The Pandemic is Improving. How is the mental health of your employees as they return to the office?

Keeping burnout at bay has always been a priority for wellness managers and HR execs, yet the question of employee wellbeing, in COVID times, has naturally garnered more attention than ever before.

In March, Education Minister Lawrence Wong announced that 75% of Singapore’s workforce would be allowed to return to the workplace from 5th April onwards. Now that many workers have made the journey back to the physical office, it’s more important than ever that we address mental health and wellbeing as an absolute priority.

No one could have predicted the huge impact of COVID-19, and from an employee’s perspective, there have been a plethora of challenges. For many, working from home has blurred the boundaries between work and rest - not to mention the general emotional baggage of living through a pandemic, with many employees having to juggle childcare to boot. Of course, many people are welcoming of a return to office, but after such a long hiatus, expecting employees to “bounce back” is unrealistic - workers need support, time out and guidance so that they can efficiently readjust.

The concern surrounding employee wellness is common across sectors and industries, from SMEs to multi-national corporations. In fact, LinkedIn recently announced that they would be giving their entire company a week off. This may sound like a bold move to some, but all evidence suggests that it’s also a necessary one.

LinkedIn made the decision following a survey conducted last summer which clearly indicated a shift in employee feeling; as Teuila Hanson, LinkedIn's chief people officer, told CNN: “We started to see the emerging of themes in and around burnout, lack of self care, struggle with family, people feeling lonely or isolated.”

And that’s just the tip of the iceberg, with another of their surveys finding that the majority of their 700+ top-level senior managers had felt burdened with self-doubt throughout the ongoing covid period. This feeling was ubiquitous throughout the company hierarchy; according to LinkedIn’s Workforce Confidence Index, 59% of all their employees had experienced a decline in their mental health during the pandemic.

The reality of the situation is undeniable. According to Asana, 46% of employees say they are burnt out due to overworking - while 32% say it’s because of an inability to disconnect after work hours. Singapore has long prided itself on high levels of productivity, yet, data from Asana indicates that Singaporean workers miss more than one in four deadlines per week. Companies naturally desire a return to pre-covid levels of efficiency, yet the fact that 37% of workers in Singapore have indicated increased rates of burnout over the past six months must be factored into any strategy for a return to office. During this time of change and vulnerability, companies can benefit both themselves and their employees by seeking to nurture resilience and wellbeing in their workforces.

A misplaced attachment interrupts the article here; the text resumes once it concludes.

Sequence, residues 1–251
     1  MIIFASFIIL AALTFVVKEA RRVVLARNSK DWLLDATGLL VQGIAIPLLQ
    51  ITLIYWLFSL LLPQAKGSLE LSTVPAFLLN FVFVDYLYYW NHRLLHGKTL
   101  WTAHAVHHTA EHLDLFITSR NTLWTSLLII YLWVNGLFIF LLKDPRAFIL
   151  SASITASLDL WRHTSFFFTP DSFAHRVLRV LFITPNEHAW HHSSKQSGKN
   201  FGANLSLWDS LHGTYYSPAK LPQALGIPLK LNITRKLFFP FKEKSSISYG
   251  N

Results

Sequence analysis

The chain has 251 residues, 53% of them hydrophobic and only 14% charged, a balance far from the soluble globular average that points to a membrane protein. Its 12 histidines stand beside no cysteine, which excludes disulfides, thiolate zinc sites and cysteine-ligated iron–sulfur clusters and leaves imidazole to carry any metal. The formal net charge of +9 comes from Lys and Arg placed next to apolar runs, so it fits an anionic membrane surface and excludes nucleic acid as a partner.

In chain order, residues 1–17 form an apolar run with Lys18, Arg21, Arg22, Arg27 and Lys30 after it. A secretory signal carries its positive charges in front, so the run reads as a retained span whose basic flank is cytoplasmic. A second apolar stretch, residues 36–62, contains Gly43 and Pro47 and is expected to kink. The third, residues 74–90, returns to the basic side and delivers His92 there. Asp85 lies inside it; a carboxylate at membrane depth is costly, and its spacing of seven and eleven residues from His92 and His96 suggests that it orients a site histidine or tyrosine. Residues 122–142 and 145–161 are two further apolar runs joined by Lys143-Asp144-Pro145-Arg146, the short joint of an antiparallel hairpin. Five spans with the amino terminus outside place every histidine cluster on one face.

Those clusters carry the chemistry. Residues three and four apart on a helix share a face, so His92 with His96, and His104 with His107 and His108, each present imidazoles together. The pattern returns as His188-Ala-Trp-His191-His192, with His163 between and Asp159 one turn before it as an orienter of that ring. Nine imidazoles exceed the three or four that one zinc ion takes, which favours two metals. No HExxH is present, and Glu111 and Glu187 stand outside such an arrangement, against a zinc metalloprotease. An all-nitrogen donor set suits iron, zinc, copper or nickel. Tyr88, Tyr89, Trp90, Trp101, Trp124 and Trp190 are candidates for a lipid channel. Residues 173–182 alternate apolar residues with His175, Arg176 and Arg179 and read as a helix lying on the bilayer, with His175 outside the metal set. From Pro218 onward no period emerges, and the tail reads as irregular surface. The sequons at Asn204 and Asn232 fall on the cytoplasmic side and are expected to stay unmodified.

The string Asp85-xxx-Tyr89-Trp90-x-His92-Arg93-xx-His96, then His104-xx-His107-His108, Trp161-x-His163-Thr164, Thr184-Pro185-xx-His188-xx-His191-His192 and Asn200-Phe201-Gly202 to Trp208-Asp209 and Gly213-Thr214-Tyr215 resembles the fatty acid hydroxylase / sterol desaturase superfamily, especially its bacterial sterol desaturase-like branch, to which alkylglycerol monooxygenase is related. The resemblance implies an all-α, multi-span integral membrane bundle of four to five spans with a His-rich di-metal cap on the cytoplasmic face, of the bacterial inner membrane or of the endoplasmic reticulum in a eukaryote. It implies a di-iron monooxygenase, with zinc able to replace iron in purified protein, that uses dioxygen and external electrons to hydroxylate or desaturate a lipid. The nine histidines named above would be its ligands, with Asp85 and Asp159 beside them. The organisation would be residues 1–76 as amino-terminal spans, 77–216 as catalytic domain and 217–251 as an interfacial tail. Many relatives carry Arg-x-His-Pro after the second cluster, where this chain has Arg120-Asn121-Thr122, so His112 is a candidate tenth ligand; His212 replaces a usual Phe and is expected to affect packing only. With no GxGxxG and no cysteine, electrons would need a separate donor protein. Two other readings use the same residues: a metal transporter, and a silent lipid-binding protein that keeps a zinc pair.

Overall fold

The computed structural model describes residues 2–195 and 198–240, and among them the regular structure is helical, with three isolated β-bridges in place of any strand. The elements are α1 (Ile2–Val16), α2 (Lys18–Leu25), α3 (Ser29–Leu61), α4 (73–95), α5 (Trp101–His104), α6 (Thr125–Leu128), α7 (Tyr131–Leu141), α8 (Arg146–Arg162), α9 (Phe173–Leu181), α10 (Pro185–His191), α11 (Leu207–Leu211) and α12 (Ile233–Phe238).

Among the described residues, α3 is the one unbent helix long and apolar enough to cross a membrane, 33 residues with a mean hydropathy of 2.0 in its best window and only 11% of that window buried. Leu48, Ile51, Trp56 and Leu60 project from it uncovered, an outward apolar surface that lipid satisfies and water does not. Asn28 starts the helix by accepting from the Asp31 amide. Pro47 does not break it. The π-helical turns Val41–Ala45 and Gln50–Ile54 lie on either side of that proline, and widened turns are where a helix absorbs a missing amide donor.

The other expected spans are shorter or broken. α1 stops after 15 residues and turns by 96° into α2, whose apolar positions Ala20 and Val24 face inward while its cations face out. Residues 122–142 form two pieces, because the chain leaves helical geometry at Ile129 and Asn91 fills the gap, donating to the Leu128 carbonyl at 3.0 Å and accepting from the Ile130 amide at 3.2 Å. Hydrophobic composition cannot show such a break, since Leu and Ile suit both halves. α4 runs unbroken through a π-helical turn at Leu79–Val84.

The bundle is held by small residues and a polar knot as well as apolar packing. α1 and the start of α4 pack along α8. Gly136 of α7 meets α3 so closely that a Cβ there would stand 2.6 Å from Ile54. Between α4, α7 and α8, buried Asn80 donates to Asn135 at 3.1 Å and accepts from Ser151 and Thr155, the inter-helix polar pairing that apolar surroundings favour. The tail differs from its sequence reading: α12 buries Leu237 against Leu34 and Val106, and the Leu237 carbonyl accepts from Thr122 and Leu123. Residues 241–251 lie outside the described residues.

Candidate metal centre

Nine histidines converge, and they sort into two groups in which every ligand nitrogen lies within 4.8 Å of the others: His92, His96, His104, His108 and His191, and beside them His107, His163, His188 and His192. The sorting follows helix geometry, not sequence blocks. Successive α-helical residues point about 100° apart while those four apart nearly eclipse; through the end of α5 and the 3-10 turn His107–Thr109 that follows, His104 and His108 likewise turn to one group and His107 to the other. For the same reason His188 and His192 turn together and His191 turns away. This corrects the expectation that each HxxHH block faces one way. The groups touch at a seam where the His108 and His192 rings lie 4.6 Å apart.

Naturally, strategising for employee wellbeing in such a turbulent time can be a daunting task for HR teams and wellbeing managers. For wellness schemes to be successful, they must be comprehensive. The burden of this task shouldn’t be placed solely on in-office activities, instead, wellbeing managers should be given licence to arrange days out of office with a wellbeing theme so that employees can benefit fully from activities away from the workplace.

Programs such as The DMC’s Employee Restart Leadership & Development Program perfectly facilitate this kind of nurturing for Singaporean companies looking to make a substantial effort towards vitalised employee mental health. With customised workshops focussing on giving individuals a total reset, curated collections of activities and retreats, such workshops can help employees regain their hold on a calm sense of confidence.

In particular, the mindfulness workshop offering yoga and sound therapy provides a great chance for managers looking to restore their employees’ purpose and productivity following a difficult period of stagnation across Singapore. It includes corporate yoga and meditation, giving employees a chance to tap into the benefits of a technique used throughout the millennia to restore peace. With some of the best classes in Singapore available through the DMC’s programme, these workshops help individuals better manage stress, while also providing some much-needed recuperation following a period of instability.

Just as we wake up feeling refreshed and ready to face the day after a long, restful sleep - mindfulness activities can help employees heal and readjust after the period of mental stress that has been endured by workers all over Singapore. In fact, mindfulness is also associated with increased levels of concentration and cognitive function - so for both employee and employer, it’s a win-win!

Also included in this package is sound therapy. This service is available in key locations around Singapore and provides an amazing option for mental rejuvenation. Why not replace your employees’ endless notification beeps with the sound of healing gongs? It’s an activity with real, tangible benefits for burnt-out employees, allowing them to reconnect with their creative abilities and inner sense of calm.

If you’re looking to help your team hit the ground running getting back in the office in Singapore, get in touch to book a consultation via the form below, or drop us a line to find out how we can help curate the ideal wellbeing activities for you and your organisation - because every business, is a health business.

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